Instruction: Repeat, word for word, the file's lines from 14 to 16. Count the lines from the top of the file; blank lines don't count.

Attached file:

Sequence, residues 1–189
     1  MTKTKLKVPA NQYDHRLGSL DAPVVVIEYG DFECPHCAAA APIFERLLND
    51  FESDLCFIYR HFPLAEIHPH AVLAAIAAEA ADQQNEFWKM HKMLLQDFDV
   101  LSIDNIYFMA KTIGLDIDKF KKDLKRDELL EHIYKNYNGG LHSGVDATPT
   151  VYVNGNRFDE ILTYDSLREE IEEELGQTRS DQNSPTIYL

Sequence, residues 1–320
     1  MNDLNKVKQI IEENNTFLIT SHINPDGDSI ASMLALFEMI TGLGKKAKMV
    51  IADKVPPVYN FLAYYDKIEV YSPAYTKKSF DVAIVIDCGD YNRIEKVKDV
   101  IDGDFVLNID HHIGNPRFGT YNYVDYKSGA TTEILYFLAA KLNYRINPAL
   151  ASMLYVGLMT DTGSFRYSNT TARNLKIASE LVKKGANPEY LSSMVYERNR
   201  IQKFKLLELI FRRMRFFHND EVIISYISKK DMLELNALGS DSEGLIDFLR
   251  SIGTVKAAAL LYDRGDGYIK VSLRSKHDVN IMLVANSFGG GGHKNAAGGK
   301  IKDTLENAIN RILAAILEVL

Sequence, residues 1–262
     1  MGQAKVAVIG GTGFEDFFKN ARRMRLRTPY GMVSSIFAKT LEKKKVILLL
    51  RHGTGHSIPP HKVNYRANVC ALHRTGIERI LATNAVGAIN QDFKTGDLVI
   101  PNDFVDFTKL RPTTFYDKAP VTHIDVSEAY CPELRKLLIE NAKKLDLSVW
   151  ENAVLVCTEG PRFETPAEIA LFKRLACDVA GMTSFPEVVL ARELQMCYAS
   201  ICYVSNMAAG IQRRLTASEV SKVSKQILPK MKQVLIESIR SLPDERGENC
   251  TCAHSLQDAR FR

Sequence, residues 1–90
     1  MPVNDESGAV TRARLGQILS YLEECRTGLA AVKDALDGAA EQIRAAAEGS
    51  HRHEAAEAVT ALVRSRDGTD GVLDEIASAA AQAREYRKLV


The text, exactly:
Sequence, residues 1–262
     1  MGQAKVAVIG GTGFEDFFKN ARRMRLRTPY GMVSSIFAKT LEKKKVILLL
    51  RHGTGHSIPP HKVNYRANVC ALHRTGIERI LATNAVGAIN QDFKTGDLVI